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Researchers Link Target Product Profiles to Shorter Review Times

Posted 17 April 2017 | By Michael Mezher 

Researchers Link Target Product Profiles to Shorter Review Times

A recent analysis finds that drug and biologic submissions to the US Food and Drug Administration (FDA) that reference a target product profile (TPP) are associated with shorter review times at the agency.

The analysis was published in Cell Press earlier this month by Christopher Breder, a medical officer within FDA's Office of New Drugs and adjunct faculty at Johns Hopkins University's regulatory science program and two students in the program, Wenny Du and Adria Tyndall, RAC.

A TPP is a document that summarizes the key goals of a drug development program and is typically used to convey information the sponsor intends to include in a product's labeling or to detail critical manufacturing or quality attributes of a product.

In 2007, FDA issued guidance—still in draft form—detailing how sponsors can use TPP to facilitate efficient communication with the agency about a product's labeling information during drug development. The International Council on Harmonization (ICH) also recommends sponsors develop a quality target product profile (QTTP) as part of its guidelines on pharmaceutical development.

"Both the FDA and sponsors have seen the advantages of using a TPP at meetings early in the drug development process … A TPP helps focus a sponsor's drug development team and FDA review staff on the drug development goals in terms of drug labeling," FDA writes.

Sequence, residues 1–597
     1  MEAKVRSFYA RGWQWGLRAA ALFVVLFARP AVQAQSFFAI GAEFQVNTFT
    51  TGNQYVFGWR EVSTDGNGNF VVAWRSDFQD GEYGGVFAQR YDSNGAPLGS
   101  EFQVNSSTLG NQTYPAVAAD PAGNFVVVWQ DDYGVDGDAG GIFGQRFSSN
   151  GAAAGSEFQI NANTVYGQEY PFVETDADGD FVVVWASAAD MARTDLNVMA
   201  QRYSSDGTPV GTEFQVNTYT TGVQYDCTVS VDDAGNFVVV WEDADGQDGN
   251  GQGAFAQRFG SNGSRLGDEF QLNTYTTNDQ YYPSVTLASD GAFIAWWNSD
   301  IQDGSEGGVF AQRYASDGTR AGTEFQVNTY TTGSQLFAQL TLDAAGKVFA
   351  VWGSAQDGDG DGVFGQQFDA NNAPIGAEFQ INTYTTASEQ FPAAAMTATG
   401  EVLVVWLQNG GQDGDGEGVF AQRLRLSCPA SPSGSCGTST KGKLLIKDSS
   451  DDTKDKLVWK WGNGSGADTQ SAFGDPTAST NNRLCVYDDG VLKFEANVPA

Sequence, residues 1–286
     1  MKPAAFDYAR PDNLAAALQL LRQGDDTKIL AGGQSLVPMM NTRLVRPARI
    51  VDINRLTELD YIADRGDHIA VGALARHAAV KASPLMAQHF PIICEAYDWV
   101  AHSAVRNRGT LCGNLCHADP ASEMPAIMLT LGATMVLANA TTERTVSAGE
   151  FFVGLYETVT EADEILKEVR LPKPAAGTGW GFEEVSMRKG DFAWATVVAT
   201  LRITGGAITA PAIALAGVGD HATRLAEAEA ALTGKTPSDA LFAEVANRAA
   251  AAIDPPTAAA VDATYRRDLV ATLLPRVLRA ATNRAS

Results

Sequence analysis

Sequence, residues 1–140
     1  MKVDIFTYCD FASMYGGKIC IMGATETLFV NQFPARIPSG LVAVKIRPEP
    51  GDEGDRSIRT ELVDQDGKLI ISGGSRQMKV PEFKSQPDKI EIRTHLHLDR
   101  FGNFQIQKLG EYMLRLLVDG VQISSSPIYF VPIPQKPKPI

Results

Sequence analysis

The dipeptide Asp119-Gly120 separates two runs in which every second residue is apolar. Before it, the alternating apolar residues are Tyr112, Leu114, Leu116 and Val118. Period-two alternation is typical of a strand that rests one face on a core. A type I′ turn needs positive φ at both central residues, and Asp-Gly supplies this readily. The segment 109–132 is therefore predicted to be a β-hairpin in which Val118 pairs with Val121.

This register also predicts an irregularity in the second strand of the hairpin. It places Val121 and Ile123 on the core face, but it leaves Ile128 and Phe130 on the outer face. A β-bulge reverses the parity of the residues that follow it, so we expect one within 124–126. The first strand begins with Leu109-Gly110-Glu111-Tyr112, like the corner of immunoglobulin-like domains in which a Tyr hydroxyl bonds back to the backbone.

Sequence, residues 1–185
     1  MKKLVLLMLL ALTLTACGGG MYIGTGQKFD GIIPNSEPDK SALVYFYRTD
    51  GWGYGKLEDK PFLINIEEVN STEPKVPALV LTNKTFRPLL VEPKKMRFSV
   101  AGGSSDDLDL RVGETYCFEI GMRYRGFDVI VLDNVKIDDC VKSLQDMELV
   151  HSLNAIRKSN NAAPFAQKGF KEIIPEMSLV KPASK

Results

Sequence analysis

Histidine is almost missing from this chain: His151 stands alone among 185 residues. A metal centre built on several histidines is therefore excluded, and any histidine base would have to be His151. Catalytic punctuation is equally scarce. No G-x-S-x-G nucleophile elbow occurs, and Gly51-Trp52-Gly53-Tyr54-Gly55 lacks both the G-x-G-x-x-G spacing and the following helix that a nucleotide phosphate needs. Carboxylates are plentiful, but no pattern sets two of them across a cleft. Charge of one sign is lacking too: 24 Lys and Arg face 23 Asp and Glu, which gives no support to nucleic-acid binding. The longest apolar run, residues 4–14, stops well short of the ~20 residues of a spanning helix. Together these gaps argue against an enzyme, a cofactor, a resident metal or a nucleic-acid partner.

However, as the authors point out in an earlier analysis, TPPs are "vastly underused" based on a review of Summary Basis of Approvals (SBOAs) for drugs and biologics approved by FDA between 2008 and 2015.

Of the 808 approvals during that time, the authors found that only 87 (11%) referenced TPPs.

Compared to a control group of 353 applications from the same period, the authors found that submissions that included a TPP had a median approval time that was 30 days shorter than the control group (303 days versus 333 days).

"While the value of a 30-day difference may not be readily apparent, to a patient with a serious disease this difference can be critical. From a business perspective, the average monthly sales revenue from any one of the top ten drugs in terms of 2015 sales would constitute a significant proportion of the development costs of another development candidate," the authors write.

However, the authors are unable to determine exactly why these applications saw faster reviews, though they suggest that it may be due to "increased planning or because the TPP promotes well-organized regulatory dialogue."

Cell Press

Categories: Regulatory News

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